Today’s busy security or network administration manager has many tools to choose from in order to watch over their IT estate.
There are tools to help discover inventory; tools that check compliance with known policies; tools that manage security or other updates; tools that identify vulnerabilities; and tools that aspire to doing all these things and more.
There are also various tools that are freely available under the open-source banner and vendor-specific tools available from hardware manufacturers. Indeed, there are more tools out there than you can shake a stick at.
Furthermore, within a typical organizational infrastructure, it is quite possible that a range of tools will be used by different departments, some of which might be focused towards specific tasks, some of which might be legacy tools and, perhaps, some that were adopted to perform tasks not previously considered pertinent.
Such a situation can create a scenario where we start to suffer from a surfeit of information, some of which might be contradictory in its detail or prioritization. The administrator must sift through this information and decide what is most pertinent and urgent. They will also wish to be able to create consistent-looking reports around events and other information. In short, they could do with a tool that can consolidate information from various sources and provide a coherent overall perspective, together with intuitive report generation and logging facilities.
Such tools do of course exist, often under the banner of “security information management” (SIM), “security event management” (SEM), “incident monitoring,” “log management,” or other such terms. The situation might seem confusing at first, but a closer appraisal should help you to understand whether a particular tool can support your overall goals. Consequently, in this group test, we examined a variety of tools that provide such capabilities.
What we hoped to find were capabilities that helped us provide a coherent view of the network and its activities, together with the ability to present such information quickly and in an intuitive manner.
We also looked for tools that provide an audit trail and reporting facilities, and that could also interface with existing tools where appropriate.
Such tools should facilitate the creation of an enterprise “security control center,” where connected assets can be monitored and assessed for vulnerability and associated risk, followed by remedial action where appropriate.
For this, you need good and pertinent information that can be filtered according to your own parameters in order to provide the intelligence you need in a timely manner. So it follows that such a tool should also be intuitive and easy to use, and capable of interfacing with a variety of tools and devices on your network.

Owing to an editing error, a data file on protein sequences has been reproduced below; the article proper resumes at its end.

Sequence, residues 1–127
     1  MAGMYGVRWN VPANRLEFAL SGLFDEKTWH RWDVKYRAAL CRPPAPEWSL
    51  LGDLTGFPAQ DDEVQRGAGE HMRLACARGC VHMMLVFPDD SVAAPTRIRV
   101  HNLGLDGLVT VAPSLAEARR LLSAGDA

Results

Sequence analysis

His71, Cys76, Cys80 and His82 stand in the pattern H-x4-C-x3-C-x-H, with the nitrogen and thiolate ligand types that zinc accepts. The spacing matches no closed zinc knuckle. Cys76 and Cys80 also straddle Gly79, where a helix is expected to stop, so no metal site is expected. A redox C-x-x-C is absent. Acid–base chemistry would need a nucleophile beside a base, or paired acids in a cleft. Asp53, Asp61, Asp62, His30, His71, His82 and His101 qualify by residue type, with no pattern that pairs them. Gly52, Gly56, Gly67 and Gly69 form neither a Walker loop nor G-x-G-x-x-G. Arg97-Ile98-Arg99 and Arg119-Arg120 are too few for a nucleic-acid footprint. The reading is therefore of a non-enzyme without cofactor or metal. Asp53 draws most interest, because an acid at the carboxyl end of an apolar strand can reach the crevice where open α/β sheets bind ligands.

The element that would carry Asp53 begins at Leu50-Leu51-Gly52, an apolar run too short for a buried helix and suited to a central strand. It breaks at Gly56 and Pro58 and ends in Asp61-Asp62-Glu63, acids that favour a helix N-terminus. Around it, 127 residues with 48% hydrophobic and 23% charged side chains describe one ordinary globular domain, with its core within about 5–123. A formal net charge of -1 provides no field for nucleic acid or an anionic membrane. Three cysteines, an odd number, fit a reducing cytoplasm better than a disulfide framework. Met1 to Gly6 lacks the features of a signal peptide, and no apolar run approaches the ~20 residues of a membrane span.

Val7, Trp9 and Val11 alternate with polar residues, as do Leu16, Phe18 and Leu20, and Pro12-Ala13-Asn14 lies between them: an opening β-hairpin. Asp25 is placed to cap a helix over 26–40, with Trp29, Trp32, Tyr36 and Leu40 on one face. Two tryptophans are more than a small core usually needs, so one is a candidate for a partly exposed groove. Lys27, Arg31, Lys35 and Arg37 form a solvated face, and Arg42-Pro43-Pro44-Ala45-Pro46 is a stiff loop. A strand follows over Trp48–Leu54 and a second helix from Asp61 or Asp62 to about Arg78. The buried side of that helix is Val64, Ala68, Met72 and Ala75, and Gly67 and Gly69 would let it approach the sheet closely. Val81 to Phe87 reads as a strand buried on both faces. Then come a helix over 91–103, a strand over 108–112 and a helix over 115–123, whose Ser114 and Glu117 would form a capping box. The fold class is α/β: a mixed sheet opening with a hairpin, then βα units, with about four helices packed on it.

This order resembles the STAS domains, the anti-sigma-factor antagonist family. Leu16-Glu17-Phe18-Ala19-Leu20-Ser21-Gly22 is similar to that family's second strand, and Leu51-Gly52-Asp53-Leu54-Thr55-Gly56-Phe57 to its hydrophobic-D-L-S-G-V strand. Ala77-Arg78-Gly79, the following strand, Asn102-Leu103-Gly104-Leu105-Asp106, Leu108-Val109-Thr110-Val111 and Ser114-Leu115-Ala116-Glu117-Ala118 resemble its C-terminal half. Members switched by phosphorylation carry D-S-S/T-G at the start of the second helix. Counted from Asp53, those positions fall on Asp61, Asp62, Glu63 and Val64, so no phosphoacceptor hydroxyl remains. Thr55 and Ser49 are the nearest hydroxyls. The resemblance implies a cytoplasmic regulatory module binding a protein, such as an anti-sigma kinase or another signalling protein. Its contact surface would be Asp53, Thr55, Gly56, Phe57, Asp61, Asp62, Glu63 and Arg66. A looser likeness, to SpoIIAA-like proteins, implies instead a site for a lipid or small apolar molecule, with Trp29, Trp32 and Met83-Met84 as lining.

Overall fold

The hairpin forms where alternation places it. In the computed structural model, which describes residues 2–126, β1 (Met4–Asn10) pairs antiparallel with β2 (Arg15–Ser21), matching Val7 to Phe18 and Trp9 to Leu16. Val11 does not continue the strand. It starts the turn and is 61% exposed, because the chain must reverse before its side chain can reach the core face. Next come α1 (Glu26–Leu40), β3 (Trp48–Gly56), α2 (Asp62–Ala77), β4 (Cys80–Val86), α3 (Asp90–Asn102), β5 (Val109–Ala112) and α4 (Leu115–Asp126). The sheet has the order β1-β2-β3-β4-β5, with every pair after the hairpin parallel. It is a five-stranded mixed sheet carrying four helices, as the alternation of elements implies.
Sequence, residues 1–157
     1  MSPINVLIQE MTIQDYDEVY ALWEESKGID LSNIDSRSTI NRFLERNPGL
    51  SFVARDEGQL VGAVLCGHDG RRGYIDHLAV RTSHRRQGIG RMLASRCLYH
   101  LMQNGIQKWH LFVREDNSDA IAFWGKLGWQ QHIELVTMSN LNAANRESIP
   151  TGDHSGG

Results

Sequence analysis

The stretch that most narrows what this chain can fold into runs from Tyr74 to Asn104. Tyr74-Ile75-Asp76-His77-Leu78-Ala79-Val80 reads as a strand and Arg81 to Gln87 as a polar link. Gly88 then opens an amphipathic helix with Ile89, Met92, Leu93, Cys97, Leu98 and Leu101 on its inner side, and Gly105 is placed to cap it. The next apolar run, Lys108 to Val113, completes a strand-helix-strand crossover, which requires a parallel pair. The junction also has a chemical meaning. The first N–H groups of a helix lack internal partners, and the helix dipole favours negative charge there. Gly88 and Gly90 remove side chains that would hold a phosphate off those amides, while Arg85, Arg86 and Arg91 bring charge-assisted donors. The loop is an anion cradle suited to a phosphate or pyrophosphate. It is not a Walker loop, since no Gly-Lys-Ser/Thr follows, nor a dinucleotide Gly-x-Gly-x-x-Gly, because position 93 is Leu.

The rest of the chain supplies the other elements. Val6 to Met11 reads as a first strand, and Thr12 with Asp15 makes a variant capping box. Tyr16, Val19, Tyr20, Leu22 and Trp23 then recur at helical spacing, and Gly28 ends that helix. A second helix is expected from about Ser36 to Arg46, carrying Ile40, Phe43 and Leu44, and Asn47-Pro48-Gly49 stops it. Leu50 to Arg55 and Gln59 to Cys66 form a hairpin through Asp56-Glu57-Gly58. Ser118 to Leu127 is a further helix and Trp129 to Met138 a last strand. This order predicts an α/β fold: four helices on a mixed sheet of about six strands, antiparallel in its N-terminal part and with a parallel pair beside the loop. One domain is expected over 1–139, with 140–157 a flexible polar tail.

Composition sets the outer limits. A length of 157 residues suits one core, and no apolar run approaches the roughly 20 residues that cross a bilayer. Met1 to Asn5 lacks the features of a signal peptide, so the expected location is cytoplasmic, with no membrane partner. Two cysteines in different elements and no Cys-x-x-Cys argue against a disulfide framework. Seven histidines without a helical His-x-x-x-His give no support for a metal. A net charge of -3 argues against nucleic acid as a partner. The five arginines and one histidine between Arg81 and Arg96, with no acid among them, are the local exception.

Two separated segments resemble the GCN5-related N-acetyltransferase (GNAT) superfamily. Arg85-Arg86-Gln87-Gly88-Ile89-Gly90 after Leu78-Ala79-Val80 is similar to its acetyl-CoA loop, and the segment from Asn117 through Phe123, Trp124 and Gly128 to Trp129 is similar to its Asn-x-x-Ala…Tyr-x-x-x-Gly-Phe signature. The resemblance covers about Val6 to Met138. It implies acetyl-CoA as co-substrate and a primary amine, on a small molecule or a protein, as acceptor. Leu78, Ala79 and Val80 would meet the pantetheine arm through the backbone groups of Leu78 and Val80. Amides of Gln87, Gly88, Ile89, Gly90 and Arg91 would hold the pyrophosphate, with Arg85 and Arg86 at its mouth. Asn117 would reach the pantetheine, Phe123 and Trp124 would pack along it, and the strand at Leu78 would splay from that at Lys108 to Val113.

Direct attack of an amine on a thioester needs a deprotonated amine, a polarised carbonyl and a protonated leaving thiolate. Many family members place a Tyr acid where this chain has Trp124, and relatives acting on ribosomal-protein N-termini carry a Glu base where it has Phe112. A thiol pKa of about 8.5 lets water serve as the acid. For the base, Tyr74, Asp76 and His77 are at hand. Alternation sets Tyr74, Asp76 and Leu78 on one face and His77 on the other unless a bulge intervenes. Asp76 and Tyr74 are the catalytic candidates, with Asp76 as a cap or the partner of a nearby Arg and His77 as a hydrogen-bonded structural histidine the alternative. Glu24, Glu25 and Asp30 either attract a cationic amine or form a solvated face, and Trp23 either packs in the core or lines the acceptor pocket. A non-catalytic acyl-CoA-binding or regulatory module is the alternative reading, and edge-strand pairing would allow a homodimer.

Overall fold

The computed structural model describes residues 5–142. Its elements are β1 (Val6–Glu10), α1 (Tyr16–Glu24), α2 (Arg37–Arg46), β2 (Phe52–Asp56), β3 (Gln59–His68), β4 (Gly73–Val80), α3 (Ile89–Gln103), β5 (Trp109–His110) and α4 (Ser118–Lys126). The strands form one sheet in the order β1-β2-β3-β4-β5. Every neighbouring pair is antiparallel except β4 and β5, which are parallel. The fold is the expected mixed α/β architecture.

Our candidates for this test include products that are both software- and hardware-based and which offer subtly different approaches and functions, thereby making direct comparison a little more complex, although the reader should nevertheless gain a good idea of what’s on offer.
Do these tools deliver on their promises? Do they really provide an enhancement in real terms over and above tools that you might already be using? What will it take to implement them? How easy are they to set up and use? Will you need to deploy additional resources? Should you be going down this route at all?
Naturally, everyone’s situation is a little different and much will depend on the capabilities you already have in this area. However, there is no doubt that the tools evaluated here can definitely bring some extremely useful functionality to the enterprise.
We found them all quite capable from a broad perspective, while the details of presentation and configuration vary. Being able to see your IT infrastructure, its potential vulnerabilities and events intuitively from a central location undoubtedly enables a deeper understanding as well as the ability to respond to threats in a timely manner.
The tools evaluated here can all be used to help provide you with this comprehensive perspective, partly in a standalone fashion and partly by integrating the outputs of existing tools, such as vulnerability scanners or intrusion detectors.
Clearly, any organization with significant IT assets distributed across networks should be aware of such tools and the capabilities which they could provide.
SC Magazine gives you a head start in this respect, so read on and discover how the tools tested might assist you in your quest for a secure and stable network.